Leading Ladies: UT alumna owns cosmetic surgery private practice

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Jennifer Walden, full-time mother and plastic surgeon, sits with her twin sons, Houston and Rex. After spending seven-and-a-half years working in New York, Walden returned to Austin and now owns a private practice.

Photo Credit: Chris Foxx | Daily Texan Staff

The first time anyone ever told UT alumna Jennifer Walden that she would be a surgeon, she was in junior high. Her teacher recognized her ability to quickly dissect a pig while the rest of the class struggled squeamishly. 

“That was the first little nugget implanted in my head,” Walden said. “Every time I ever worked with dissections or the human body, I enjoyed that a lot. It was a natural fit for me.”  

Walden did as her teacher predicted when she earned a degree from the University of Texas Medical Branch-Galveston and became a plastic surgeon. As an undergrad at UT, Walden learned to balance her studies, her sorority, a pre-med honor society and club sports. Now, she owns a private practice — Walden Cosmetic Surgery Center — with a fully accredited operating room located at the Westlake Medical Center. 

“The work I do is conservative but dramatic,” Walden said. “I operate on people who are well and healthy but want to do something that will make them feel better about themselves. The best plastic surgery is what you don’t know has been done.”

Walden realized her affinity for plastic surgery when she rotated through different surgical specialties in medical school.

“When you go through that rotation, you just know that’s what you want to do,” Walden said. “It’s almost like meeting the love of your life.”  

Walden said she loves her ability to make an enormous change in patients’ lives through surgery.

“Plastic surgeons, specifically, like visible change,” Walden said. “We want to see what we’ve done.”

After her fellowship at the Manhattan Eye, Ear & Throat Hospital, Walden worked in New York for seven-and-a-half years. In 2010, Walden chose single motherhood and used in vitro fertilization to give birth to her twin sons. A year later, she uprooted her practice and moved it to Austin to be near her parents and siblings. 

“I think one of the things about being a female surgeon is that you end up delaying your child bearing,” Walden said. “Moving back was one of the hardest and most rewarding times of my life. I wouldn’t change the timeline of events at all because, at the end of the day, I own my own business and I’m the captain of my own ship.”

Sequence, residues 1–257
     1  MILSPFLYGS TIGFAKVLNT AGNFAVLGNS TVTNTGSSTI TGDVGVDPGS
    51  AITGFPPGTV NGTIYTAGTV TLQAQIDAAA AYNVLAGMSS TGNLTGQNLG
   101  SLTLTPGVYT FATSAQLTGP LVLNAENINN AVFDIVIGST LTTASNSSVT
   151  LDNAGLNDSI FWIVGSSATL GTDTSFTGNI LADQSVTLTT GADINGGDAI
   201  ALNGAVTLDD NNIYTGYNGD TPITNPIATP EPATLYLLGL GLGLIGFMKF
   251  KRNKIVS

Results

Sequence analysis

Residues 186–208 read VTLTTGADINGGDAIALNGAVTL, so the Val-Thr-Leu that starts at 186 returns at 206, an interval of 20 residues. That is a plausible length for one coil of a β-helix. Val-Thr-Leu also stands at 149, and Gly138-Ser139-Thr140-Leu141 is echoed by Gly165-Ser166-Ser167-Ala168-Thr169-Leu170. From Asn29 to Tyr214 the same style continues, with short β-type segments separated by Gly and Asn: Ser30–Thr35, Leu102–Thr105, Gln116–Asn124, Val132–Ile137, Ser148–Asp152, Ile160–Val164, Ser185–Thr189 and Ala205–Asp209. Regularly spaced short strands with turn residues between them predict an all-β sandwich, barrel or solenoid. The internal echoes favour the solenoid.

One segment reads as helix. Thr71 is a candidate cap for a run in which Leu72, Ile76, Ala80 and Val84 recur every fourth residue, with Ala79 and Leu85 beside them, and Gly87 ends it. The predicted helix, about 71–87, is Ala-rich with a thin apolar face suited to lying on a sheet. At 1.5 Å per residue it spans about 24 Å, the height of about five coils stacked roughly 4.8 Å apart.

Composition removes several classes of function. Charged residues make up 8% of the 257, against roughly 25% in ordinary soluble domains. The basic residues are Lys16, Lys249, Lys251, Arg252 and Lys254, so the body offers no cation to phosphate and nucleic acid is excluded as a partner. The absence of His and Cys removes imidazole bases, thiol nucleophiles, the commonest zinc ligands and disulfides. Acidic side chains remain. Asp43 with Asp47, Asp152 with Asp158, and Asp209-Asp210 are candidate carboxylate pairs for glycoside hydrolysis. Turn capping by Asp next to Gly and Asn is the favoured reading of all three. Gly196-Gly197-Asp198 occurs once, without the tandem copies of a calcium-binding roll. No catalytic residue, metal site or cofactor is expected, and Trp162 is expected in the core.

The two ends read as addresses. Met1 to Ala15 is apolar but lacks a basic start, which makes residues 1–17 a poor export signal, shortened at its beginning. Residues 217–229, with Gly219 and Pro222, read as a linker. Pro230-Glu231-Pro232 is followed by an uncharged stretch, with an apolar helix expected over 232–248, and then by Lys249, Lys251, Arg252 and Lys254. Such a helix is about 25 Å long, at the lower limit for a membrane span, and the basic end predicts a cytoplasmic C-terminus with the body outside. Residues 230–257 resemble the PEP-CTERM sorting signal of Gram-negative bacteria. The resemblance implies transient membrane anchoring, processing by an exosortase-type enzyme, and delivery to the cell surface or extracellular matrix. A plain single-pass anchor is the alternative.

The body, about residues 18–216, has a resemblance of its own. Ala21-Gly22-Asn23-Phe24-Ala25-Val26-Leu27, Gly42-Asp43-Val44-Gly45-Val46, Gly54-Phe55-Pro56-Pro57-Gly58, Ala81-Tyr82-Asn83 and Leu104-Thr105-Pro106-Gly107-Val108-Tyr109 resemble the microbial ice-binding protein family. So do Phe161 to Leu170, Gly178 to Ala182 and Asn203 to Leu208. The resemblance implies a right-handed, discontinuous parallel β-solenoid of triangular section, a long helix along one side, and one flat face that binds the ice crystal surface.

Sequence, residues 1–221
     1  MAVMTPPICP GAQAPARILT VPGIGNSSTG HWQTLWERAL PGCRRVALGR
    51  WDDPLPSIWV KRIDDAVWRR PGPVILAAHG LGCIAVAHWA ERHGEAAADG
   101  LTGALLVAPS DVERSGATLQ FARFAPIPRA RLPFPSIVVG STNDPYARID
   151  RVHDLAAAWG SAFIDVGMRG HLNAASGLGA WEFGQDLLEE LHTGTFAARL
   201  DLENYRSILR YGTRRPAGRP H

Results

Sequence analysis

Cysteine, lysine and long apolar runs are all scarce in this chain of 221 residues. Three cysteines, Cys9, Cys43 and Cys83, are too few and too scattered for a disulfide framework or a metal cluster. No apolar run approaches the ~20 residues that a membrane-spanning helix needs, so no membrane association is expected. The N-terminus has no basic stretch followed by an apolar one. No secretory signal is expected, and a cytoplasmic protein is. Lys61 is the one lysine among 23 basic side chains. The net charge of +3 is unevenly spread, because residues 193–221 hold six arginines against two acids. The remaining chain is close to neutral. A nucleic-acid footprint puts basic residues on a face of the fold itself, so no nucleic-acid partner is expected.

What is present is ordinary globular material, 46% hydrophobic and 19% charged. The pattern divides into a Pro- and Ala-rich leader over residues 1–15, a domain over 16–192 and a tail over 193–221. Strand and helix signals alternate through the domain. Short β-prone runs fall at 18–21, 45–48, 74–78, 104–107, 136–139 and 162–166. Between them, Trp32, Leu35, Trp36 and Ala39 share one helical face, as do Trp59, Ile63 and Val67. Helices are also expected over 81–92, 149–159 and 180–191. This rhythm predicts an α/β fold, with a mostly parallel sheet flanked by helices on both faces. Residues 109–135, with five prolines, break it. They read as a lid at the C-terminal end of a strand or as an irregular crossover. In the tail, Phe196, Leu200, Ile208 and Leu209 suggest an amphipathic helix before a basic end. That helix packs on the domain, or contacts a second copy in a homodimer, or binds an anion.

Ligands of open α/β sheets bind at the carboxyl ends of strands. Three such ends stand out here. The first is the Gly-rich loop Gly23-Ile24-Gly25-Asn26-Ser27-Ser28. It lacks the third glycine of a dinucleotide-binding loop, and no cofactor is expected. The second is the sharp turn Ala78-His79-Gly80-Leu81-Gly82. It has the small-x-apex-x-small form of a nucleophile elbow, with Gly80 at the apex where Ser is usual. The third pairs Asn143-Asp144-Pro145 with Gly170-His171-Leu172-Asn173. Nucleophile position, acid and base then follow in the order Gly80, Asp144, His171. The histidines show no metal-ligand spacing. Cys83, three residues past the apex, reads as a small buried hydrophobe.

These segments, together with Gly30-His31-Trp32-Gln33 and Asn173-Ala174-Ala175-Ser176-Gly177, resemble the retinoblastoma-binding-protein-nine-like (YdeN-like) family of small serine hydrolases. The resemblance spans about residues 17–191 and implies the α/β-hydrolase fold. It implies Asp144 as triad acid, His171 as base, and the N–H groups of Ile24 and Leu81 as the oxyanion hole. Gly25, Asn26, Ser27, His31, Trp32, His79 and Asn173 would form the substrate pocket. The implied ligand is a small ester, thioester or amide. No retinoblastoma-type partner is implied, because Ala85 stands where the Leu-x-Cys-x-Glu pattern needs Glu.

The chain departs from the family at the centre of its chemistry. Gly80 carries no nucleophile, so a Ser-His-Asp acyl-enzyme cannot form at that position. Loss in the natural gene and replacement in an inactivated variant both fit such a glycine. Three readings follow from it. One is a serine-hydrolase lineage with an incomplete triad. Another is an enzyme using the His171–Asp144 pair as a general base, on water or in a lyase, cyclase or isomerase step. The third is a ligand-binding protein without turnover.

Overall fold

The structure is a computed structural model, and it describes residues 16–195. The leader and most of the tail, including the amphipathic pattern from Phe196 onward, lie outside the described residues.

As a female in the male-dominated field of surgery, Walden said she has never been intimidated. 

“I enjoy having male colleagues,” Walden said. “It takes the right mind-set of knowing you’re going to be scrutinized more than your male counterpart. Men and women are different, and, if you embrace that and work your tail off, there shouldn’t be a problem.”

Aside from being a full-time mother and surgeon, Walden is a co-author of “Aesthetic Plastic Surgery” and a philanthropist involved with many organizations, such as Austin Smiles and the Junior League of Austin’s Food In Tummies program.

“I would love, as they get older, to take my boys along on mission trips so they can see how privileged they are to live in our world,” Walden said. “I also like giving back to my community here and giving back to children because they’re helpless.” 

Walden said owning her own practice is a dream come true. She credits her success to her mentors, the support of her family and hard work.

“Thinking back, I thought I would’ve been much more normal,” Walden said. “But I exceeded expectations. When you do make your major life decisions, make them not on money and not on fame. Base them off of what’s best for your family or well-being. I feel like it will take you in the right direction.”